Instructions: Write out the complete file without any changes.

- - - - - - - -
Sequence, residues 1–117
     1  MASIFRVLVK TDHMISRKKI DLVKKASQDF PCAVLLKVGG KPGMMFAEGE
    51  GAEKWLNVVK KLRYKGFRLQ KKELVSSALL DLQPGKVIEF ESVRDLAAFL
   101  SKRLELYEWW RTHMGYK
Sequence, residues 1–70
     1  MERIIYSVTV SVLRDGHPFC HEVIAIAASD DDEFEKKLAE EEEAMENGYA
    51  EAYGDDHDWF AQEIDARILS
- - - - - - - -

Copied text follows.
Sequence, residues 1–117
     1  MASIFRVLVK TDHMISRKKI DLVKKASQDF PCAVLLKVGG KPGMMFAEGE
    51  GAEKWLNVVK KLRYKGFRLQ KKELVSSALL DLQPGKVIEF ESVRDLAAFL
   101  SKRLELYEWW RTHMGYK
Sequence, residues 1–70
     1  MERIIYSVTV SVLRDGHPFC HEVIAIAASD DDEFEKKLAE EEEAMENGYA
    51  EAYGDDHDWF AQEIDARILS